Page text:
“Although [the government] seems to act on the basis of the need to reduce risks posed by earthquakes and other disasters, the real intention is the development of luxurious and expensive projects for Istanbul and other cities.”

“When CHP is in power, it will put an end to the evacuation-oriented concept of ‘urban transformation’ that excludes the inhabitants of an area, that seizes the income generated and transmits it to luxury construction firms, that purges people from their dwellings in city center, and that totally disregards tenants – the pauperized segments of society”

Plugged Out? Turkey’s Internet Politics and Business

Ebru İlhan

“The AK Party is very serious about navigating the social media space professionally. It fortifies its social media presence by engaging so-called 'AK trolls,' partisans with fake social accounts or avatars distributing party propaganda and attacking anti-government users on social media, which indicates that the party configures its social media strategy as an offensive against its digital enemies.”

“The post-Gezi new media conversation is no longer a policy dialogue between a government and relevant social actors. For communities who are/feel marginalized and persecuted by the Turkish state and the ruling elite, the 'new media conversation' is rather a bottom-up, discursive, and literal battle against oppression.”

Online Satire in Turkey

Ahu Yiğit

“During the Gezi Park protests it was via street art, graffiti, and slogans that humor gave voice to participants’ demands and frustrations. The protests attracted a larger audience and wider participation, ending in the security forces’ heavy-handed repression.”

“The Facebook group, Felsefeasdfghjklşi, portrays philosophers speaking the language of Turkish politics. The outcome is lines of present-day Turkish political rhetoric spoken by the likes of Michel Foucault, Ulrich Beck, Hannah Arendt, and Max Weber. The featured lines are often in stark contrast with these philosophers’ own personas and thinking. One can see Marshall McLuhan, the communication theorist who has coined the motto ‘the medium is the message,’ calling Twitter ‘…the menace of contemporary societies, a hotbed of lies!’ – a direct quote from Erdoğan.”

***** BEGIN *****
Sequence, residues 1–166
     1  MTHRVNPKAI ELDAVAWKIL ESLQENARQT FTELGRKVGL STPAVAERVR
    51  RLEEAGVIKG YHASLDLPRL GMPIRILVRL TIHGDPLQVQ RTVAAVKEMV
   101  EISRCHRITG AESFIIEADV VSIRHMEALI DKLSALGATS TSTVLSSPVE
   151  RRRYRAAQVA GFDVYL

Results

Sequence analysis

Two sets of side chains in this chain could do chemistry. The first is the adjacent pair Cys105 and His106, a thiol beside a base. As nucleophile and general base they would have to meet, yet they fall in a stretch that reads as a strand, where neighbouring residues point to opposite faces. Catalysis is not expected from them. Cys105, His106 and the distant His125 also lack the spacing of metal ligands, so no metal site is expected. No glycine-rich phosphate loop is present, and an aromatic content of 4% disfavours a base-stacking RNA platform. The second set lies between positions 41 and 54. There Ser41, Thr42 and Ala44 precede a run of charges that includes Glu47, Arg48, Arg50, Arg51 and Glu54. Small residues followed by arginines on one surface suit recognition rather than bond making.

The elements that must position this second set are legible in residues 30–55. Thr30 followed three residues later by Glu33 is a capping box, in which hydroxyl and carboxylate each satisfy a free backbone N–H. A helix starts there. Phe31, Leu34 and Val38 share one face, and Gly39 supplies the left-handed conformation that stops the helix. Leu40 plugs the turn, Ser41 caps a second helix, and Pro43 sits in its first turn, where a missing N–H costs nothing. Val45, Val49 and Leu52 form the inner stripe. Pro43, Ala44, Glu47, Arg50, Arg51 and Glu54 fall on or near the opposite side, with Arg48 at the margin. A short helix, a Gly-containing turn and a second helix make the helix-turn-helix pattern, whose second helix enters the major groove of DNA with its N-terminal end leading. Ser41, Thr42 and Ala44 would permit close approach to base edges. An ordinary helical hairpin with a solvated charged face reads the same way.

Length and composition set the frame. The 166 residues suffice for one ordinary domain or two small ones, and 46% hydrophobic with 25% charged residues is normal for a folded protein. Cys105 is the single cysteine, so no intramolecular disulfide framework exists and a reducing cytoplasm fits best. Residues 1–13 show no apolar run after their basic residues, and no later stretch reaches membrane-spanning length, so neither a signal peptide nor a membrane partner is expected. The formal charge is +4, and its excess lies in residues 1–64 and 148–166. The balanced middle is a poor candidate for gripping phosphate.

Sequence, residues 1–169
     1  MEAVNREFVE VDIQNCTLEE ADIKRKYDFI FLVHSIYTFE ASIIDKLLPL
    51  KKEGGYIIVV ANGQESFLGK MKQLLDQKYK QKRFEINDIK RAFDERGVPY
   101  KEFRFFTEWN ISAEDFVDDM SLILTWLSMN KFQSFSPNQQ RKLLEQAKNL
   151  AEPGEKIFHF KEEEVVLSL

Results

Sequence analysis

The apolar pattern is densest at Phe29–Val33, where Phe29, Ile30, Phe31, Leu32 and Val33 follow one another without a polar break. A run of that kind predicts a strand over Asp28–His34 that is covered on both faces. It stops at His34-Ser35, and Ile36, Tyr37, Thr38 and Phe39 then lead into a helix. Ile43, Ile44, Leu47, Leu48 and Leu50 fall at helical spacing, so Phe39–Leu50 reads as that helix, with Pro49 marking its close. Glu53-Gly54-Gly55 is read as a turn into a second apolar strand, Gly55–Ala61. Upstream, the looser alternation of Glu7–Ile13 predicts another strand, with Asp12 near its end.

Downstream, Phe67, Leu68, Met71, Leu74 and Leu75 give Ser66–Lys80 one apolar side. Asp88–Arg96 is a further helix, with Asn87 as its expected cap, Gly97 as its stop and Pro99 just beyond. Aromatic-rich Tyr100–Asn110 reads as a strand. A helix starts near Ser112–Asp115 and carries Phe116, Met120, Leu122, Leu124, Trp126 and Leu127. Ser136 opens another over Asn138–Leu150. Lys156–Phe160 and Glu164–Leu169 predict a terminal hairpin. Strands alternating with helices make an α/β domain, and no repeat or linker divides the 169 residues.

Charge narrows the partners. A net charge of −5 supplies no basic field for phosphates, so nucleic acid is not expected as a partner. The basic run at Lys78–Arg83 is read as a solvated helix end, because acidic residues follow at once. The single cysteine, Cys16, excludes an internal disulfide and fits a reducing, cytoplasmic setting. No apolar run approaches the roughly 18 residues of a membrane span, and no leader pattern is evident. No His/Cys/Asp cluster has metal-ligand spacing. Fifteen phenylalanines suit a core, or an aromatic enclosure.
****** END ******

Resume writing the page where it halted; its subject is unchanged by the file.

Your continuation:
Civic Engagement in Turkey’s Democracy

Sercan Çelebi

Oy ve Ötesi (Vote and Beyond) was formed with three concrete, concise, and objective targets that, if executed well, would present a first opportunity to train the forgotten muscle of collaboration towards impact. The three targets we chose to focus on were voter turnout, transparency around individual candidates, and independent election monitoring.”

“In the current system where candidates are determined centrally rather than through a primary election, the ‘customer’ for a candidate is first and foremost the party leadership. The result is that voters, particularly in urban areas with large populations, typically do not even know the name of the MP for whom they are voting. This, in turn, has an impact on direct accountability.”